Nails

JLC Field Guide: Nails

A nail’s holding power is a function of its diameter, how far it penetrates the wood, and the type of wood it penetrates.

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Nails Featured Articles

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Choosing Collated Nails

Cheap generic nails seem like a bargain up front, but you may pay the price later in jams and misfires. This article explains how to make an intelligent choice in generic nails, and looks at the many new collated specialty nails on the market. More

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Practical Engineering: Holding It Together

Evaluating the strength of nails More

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Practical Engineering: Box vs. Common Nails

Comparing box and common nails More

Top Ten Code Violations
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Top Ten Code Violations

Pay close attention to these to avoid failing inspections More

Posted on
Choosing Collated Nails

Cheap generic nails seem like a bargain up front, but you may pay the price later in jams and misfires. This article explains how to make an intelligent choice in generic nails, and looks at the many new collated specialty nails on the market. More

Posted on
Practical Engineering: Box vs. Common Nails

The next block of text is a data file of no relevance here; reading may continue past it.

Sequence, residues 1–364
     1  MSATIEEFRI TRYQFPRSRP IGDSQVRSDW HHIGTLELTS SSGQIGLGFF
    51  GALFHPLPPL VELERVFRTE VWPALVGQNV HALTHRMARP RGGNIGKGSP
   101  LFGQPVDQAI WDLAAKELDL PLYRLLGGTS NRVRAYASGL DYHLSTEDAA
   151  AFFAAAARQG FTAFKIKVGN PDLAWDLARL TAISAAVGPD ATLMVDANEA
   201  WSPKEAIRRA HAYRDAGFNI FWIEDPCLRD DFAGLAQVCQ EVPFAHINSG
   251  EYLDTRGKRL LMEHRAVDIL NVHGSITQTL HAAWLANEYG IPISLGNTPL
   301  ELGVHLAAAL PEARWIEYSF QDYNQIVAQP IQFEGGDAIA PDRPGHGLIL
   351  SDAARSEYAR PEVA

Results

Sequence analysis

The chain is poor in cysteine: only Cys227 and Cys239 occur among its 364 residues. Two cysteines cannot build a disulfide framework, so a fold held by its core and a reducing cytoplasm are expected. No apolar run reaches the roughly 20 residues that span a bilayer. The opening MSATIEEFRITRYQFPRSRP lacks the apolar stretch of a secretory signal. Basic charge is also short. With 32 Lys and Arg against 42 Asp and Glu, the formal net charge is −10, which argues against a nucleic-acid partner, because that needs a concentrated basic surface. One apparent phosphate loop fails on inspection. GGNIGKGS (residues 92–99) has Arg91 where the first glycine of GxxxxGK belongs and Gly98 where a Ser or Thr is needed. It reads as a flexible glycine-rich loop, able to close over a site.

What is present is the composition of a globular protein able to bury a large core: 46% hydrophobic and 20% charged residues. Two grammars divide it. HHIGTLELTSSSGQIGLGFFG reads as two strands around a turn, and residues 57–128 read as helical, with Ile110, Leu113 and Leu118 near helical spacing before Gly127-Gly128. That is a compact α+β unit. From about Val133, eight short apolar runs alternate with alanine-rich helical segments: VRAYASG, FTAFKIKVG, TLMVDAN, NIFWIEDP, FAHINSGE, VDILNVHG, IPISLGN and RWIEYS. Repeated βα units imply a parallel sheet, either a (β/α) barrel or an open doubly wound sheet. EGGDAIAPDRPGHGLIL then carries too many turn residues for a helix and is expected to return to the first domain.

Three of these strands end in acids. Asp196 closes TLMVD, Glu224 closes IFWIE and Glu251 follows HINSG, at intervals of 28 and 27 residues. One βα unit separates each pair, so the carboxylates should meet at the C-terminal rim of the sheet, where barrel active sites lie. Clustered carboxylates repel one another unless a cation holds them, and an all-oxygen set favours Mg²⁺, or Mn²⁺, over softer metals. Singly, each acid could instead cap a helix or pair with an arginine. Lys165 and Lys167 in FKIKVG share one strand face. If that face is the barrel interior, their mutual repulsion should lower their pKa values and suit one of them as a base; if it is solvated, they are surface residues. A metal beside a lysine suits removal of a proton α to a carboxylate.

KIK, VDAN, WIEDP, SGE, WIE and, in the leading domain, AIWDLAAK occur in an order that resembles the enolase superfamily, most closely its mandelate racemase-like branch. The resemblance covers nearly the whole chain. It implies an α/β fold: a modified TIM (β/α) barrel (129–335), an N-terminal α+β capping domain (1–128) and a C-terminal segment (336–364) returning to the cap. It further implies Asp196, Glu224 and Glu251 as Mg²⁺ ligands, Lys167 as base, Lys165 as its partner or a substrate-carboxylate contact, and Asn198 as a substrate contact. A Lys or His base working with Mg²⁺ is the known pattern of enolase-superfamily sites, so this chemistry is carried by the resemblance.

Comparing box and common nails More

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Nails Instruction

Box Nails v. Common Nails
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Box Nails v. Common Nails
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Common Errors With Framing Connectors
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Q&A: Nailing Tips for Advanced Framing

Q: I can see the value in advanced framing in terms of reduced thermal bridging, better insulation, and savings in framing lumber. But I've hesitated to get serious about it because I worry that the absence of some familiar framing member is going to make More

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Overdriven Fasteners in Zip System Sheathing

Q. When fastening ZIP System sheathing to wall and roof framing with our pneumatic nailers, we've found that it's difficult to keep nail heads from penetrating the applied protective barrier on the face of the panels. Won't these holes compromise the moisture barrier's integrity and lead to problems later on? Should they be covered with tape? And what happens if the ZIP tape fails? More

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Reinforcing Old Framing

Q: We're remodeling a 1930s vintage San Diego home and have to seismically reinforce its cripple walls with plywood, shear transfer plates, and hold-downs. Because all the framing is very dry and most of the cripples measure only 1 foot to 2 feet in lengt More

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